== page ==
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Republic of Congo – Expert briefing

  • The president is directly elected by absolute majority popular vote through a two-round system for a seven year term
  • Under a new constitution approved in 2015, the Republic of Congo will become a semi-presidential republic with a prime minister. The new constitution also removed presidential term limits
  • The legislative consists of a 66 seat Senate where members are indirectly elected every six years by regional councils using a simple majority vote. The National Assembly has 137 members who are directly elected in single seat constituencies for a five year term
  • In the 2012 National Assembly election the Congolese Labour Party, the party of President Dennis Sassou Nguesso, won 89 seats
  • With the exception of five years between 1992 and 1997, Denis Sassou Nguesso has ruled the country since 1979. In elections on 20 March 2016 he will seek a third elected term in office since retaking power in 1997
  • Follow the election using the hashtags #Sassoufit , #Congo2016, #Team242

In 1960, the Republic of Congo gained independence from France. The first president, Fulbert Youlou, was both a priest and politician. He was initially seen as a man sent by providence, until the ‘Three Glorious Days’, a series of anti-government protests in 1963. After failing to achieve the economic prosperity he had promised, Youlou’s decision to imprison union leaders in August 1963 backfired, and he was forced to resign.

His replacement, installed by the military to head a provisional government, was Alphonse Massamba-Débat. After overseeing the popular approval of a new constitution that paved the way for legislative elections in December 1963, Débat was elected president by an electoral college. An ideological supporter of “scientific socialism”, during his tenure Congo developed close relationships with the Soviet Union, the People’s Republic of China, North Korea and Cuba. However the increasing challenge of reconciling various institutional, tribal and ideological factions within Congo meant that just four years later he was deposed in a military coup led by Marien Ngouabi.

Once installed as president, Ngouabi proclaimed Congo Africa’s first “people’s republic” and sought to establish a Marxist–Leninist one-party state. Elections were held, and a new constitution passed in 1973, but the threat of military rebellion persisted. On 18 March 1977, Ngoubai was assassinated. An interim government was created but it lasted just two years. In 1979, the vice-president of the ruling party Comité Militaire du Parti (CMP), Denis Sassou Nguesso, was appointed president – a position he held until the country’s first multi-party elections thirteen years later.

In 1991 a National Conference began a transition to plural democracy. The result of Congo’s first multi-party elections in 1992 saw former prime minister Pascal Lissouba declared the winner with 61% of the vote in a run-off against Bernard Kolélas. Sassou Nguesso was eliminated in the first round after coming third with just 17% of the vote. Accusations that voting irregularities had invalidated the poll sparked conflict in the country that could have escalated into a civil war had it not been for the timely intervention of Gabon and the Organisation of African Unity.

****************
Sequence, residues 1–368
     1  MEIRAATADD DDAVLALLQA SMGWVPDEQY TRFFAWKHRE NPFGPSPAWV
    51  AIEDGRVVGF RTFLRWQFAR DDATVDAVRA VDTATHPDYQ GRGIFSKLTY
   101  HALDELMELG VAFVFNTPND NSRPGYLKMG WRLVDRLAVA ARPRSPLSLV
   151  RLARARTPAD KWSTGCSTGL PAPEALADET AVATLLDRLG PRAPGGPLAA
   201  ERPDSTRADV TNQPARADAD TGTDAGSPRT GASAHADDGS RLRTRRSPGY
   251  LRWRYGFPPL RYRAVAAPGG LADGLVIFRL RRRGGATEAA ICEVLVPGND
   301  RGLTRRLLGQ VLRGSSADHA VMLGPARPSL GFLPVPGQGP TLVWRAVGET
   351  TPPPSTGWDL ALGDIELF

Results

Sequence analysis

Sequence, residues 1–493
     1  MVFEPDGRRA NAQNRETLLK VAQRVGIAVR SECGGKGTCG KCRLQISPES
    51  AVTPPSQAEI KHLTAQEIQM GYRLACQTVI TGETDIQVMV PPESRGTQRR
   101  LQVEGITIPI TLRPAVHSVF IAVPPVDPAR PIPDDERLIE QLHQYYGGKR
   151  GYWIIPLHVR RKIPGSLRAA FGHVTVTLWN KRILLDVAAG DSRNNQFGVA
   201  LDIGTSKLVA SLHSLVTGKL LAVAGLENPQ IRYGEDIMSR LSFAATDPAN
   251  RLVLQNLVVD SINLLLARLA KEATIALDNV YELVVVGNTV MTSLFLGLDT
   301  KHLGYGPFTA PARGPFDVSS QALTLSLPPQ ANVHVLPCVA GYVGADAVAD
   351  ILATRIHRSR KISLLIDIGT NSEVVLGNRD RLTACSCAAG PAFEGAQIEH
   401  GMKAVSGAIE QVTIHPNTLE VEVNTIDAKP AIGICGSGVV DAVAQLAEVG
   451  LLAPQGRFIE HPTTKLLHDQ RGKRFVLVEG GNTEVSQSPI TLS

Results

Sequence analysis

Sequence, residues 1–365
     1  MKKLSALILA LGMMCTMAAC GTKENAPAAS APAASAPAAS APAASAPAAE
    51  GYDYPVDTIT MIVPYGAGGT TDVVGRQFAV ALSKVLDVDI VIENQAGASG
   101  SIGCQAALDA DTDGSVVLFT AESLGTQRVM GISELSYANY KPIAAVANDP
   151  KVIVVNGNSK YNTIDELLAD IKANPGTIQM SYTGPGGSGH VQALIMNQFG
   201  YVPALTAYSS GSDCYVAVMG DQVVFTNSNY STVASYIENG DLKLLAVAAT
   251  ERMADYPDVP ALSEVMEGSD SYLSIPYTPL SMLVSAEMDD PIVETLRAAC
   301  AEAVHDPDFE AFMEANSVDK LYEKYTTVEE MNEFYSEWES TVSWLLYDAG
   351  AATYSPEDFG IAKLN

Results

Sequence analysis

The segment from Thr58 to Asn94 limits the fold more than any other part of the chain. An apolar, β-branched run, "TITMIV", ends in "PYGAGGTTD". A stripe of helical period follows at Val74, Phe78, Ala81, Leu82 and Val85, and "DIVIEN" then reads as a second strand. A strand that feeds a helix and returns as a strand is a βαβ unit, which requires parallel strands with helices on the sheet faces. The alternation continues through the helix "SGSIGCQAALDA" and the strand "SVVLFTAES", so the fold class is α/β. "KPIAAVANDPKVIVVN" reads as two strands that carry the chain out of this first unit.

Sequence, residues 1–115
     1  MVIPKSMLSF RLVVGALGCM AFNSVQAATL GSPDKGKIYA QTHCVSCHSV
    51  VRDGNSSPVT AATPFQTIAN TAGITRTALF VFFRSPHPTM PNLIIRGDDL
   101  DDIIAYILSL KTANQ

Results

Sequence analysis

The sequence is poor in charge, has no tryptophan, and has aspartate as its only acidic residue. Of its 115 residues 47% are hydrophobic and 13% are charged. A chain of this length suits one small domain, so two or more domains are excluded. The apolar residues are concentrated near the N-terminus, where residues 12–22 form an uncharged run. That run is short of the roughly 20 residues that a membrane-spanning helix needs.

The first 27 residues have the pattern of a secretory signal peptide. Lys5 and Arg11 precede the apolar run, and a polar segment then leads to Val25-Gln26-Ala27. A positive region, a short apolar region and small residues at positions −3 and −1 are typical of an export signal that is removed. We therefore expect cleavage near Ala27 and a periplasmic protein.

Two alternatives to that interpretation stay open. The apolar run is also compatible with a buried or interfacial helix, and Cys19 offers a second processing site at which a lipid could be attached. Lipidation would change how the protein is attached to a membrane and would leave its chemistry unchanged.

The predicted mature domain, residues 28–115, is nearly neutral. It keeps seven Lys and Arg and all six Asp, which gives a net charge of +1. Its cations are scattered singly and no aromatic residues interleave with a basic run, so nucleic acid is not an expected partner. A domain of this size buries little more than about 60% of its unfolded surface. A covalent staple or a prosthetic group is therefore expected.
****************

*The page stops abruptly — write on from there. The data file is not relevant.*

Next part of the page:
Increased state repression and sporadic violence progressively derailed Lissouba’s premiership. In 1997, as presidential elections approached, conflict broke out between government forces and those loyal to former president Sassou Nguesso. A four-month civil war resulted in the deaths of thousands of civilian. The conflict ended in October 1997 when rebel forces led by Sassou Nguesso, supported by Angolan troops, took control of the country. In a matter of days Lissouba’s government was dissolved and Sassou Nguesso was declared president, a position he still retains.

An extended transition eventually led to elections in 2002 which Sassou Nguesso won with almost 90% of the vote. His two main rivals were barred from competing. That same year a new constitution granted extensive powers to the president and increased his term in office from five to seven years. Discontent spread and fighting restarted in the Pool region between Sassou’s government forces and rebels led by Pastor Ntumi. A ceasefire was signed in 2003 that allowed Sassou to continue as president. In 2009 he was re-elected with 78% of the vote, although the majority of opposition candidates boycotted the poll in protest against the actions of the regime.

In 2015, a new constitution which included amendments to remove presidential term limits was approved  by 92% of voters in a popular referendum, according to official figures. This allowed Sassou Nguesso to stand for a third elected term in office. Opposition figures contend that the referendum was entirely staged. The official turnout figure of 72% has been hotly disputed; and an estimated 30,000 citizens protested the outcome in person and through social media, venting their frustration on the hashtag #Sassoufit.

With his long-time opponent Lissouba forced into exile, Sasssou Nguesso will face off against eight other candidates in March’s presidential election. His supporters argue that the incumbent provides Congo’s best chance of stability and peace; others fear that a third term would further undermine any chance of stable democracy. The most credible opposition candidate, Général Jean-Marie Michel Mokoko, is one of the few national political figures with his reputation largely intact and has a broad support base across the country. However, with concerns about the independence of the electoral commission and a divided opposition, anything other than victory in the first round for Sassou Nguesso would be a major surprise.